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Sealing Compound MIL-S-8802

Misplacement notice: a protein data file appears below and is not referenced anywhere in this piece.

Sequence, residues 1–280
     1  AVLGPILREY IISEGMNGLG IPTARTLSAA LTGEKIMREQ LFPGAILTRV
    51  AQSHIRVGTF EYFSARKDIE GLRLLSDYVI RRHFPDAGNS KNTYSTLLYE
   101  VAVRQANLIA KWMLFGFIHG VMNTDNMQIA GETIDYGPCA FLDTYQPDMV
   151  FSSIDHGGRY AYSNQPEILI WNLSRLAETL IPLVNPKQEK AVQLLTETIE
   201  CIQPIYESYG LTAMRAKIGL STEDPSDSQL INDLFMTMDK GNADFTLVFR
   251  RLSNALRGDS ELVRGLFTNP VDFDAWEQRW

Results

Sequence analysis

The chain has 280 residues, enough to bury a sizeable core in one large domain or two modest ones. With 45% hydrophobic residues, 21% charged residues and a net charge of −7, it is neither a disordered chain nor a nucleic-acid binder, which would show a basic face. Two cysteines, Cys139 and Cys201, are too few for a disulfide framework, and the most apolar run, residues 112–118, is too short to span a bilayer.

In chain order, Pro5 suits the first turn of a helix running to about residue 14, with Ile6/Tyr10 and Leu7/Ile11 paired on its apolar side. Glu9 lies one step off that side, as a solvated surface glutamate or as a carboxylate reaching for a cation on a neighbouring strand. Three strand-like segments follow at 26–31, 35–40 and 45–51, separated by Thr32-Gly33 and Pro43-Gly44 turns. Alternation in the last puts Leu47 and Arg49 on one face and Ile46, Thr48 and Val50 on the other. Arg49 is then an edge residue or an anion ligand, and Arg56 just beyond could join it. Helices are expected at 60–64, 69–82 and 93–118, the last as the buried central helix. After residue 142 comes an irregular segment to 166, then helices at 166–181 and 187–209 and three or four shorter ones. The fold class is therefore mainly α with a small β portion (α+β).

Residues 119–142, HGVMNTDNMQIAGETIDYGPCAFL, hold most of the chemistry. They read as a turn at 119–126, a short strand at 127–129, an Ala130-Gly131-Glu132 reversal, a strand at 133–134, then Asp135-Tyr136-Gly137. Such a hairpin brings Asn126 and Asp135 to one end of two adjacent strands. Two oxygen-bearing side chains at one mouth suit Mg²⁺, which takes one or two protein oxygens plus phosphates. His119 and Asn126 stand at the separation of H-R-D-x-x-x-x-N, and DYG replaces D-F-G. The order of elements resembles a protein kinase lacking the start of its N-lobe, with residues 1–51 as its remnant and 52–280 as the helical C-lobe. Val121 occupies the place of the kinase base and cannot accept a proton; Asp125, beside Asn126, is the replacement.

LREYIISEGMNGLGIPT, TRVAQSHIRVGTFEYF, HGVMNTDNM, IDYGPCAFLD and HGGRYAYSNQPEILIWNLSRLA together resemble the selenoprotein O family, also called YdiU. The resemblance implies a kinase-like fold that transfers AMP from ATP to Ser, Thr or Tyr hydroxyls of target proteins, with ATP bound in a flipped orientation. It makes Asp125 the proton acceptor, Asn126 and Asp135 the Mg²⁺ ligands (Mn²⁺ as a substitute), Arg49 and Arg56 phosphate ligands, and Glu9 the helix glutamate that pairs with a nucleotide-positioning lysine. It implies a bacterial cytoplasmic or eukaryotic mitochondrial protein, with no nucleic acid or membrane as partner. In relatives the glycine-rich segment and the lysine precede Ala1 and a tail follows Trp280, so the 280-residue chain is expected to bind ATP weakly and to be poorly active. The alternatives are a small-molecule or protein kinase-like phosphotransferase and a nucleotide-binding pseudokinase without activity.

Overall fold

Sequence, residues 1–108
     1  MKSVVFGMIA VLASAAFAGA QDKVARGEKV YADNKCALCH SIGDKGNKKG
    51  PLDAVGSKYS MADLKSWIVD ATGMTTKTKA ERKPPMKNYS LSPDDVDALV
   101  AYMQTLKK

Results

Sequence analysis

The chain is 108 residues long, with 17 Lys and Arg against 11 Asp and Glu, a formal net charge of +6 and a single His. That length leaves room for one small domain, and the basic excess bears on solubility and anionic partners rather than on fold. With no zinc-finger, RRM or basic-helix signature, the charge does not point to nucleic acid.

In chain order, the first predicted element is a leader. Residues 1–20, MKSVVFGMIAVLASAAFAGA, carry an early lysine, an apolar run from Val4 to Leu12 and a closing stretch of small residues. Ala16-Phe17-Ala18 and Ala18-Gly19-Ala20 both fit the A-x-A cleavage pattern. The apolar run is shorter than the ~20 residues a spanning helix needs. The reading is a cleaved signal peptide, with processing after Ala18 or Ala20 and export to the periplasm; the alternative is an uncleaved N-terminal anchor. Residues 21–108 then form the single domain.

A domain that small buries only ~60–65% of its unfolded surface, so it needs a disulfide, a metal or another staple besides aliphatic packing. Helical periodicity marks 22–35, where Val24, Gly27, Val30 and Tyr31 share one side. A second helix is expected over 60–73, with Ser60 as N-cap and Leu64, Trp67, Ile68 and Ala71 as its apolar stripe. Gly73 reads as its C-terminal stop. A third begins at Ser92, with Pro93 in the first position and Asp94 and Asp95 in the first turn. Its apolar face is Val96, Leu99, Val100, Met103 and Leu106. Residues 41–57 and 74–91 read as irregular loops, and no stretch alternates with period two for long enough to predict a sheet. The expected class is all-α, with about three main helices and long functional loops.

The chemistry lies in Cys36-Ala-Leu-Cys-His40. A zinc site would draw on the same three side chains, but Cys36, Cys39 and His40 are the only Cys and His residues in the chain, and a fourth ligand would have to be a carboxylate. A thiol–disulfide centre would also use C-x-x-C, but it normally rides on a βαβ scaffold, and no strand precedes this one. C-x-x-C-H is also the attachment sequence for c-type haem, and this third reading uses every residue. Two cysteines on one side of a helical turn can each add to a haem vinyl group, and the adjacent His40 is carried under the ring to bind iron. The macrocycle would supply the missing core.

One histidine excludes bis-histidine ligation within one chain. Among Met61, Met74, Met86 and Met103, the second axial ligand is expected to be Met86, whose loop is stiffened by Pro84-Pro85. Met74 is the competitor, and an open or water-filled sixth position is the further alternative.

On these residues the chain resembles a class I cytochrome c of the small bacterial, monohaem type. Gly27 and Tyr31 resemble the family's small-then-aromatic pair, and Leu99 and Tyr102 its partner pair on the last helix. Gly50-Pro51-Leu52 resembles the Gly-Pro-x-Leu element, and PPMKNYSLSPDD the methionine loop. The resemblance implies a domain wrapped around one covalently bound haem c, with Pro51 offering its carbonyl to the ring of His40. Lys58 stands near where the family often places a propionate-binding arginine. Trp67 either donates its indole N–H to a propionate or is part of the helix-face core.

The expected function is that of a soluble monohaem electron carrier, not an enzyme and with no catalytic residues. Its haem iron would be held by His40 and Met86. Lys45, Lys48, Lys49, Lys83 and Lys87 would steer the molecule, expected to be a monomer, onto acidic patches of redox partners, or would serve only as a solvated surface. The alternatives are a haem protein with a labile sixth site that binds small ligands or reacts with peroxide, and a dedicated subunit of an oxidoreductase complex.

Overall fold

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Careful planning is necessary to close faying surface seals on large assemblies within the application time limit of the sealant. Once the sealant has been applied, the parts must be joined, the required number of bolts must be torqued, and all the rivets driven within this time limit. When insulating tape has been installed between the faying surfaces to prevent dissimilar metals contacts, pressure sealing should be accomplished by fillet sealing. Fillet sealing is the spreading of sealant along the seam with a sealant injection gun. The sealant should be spread in approximately 3-foot increments. Before you proceed to the next increment, the applied portion of the fillet should be worked with a sealant spatula or tool. See figure 14-45. This working of the sealant fills the voids in the seam and eliminates air bubbles. The leak-free service life of the sealant is determined by the thoroughness and care you use in working out the air bubbles. After the sealant has cured to a tack-free condition, the fillet should be inspected for any remaining air bubbles. Such air bubbles should be opened and filled with sealant. When a heavy fillet is required, it should be applied in layers.   The top layer should fair with the metal. Injection sealing is the pressure filling of openings or voids with a sealant injection gun. Joggles should be tilled by forcing sealant into the opening until it emerges from the opposite side. Voids and cavities are filled by starting with the nozzle of the sealant injection gun at the bottom of the space and filling as the nozzle is withdrawn. Figure 14-45.—Applylng sealant. NOTE: A joggle is a joint between two pieces of material formed by a notch and a fitted projection. Rivets, rivnuts, screws, and small bolts should have a brush coat of sealant over the protruding portion on the pressure side. Washers should have a brush coat of sealant on both sides. Split grommets should have sealant brushed into the split prior to installation. After installation, fillets should be applied to both the base of the grommet and the protruding tube in the pressure side. Sealing Compound MIL-S-8802 This  temperature-resistant,  two-component, synthetic rubber compound is used for sealing and repairing fuel tanks and fuel cell cavities. This compound is designed for an operating environment that may vary between -65°F and +250°F. It is produced in the following classifications: Class A —Sealing material suitable for brush application Class B—Sealing material suitable for application by extrusion gun and spatula Class C — Sealing material suitable for faying surface sealing Dash numbers after the classification code indicate the allowed application time in hours before the curing cycle will have progressed to the point where it is no longer feasible to apply that particular batch of sealant. Class A dash numbers are –1/2 and –2. Class B dash numbers are –1/2, –2, and –4. Class C dash numbers are –20 and –80 (8 hours of application time with the remaining time allowed for working the material). Example: Class A-2 designates a brushable material having an application time of 2 hours. Class B-1/2 designates an extrusion gun material having an application time of 1/2 hour. Class C-20 designates a faying surface sealant with an application time of 8 hours and a working life of 20 hours. Sealing Compound MIL-S-81733 This accelerated, room temperature, curing synthetic rubber compound is used in sealing metal components on weapons and aircraft systems for protection against corrosion. This sealant contains 14-47



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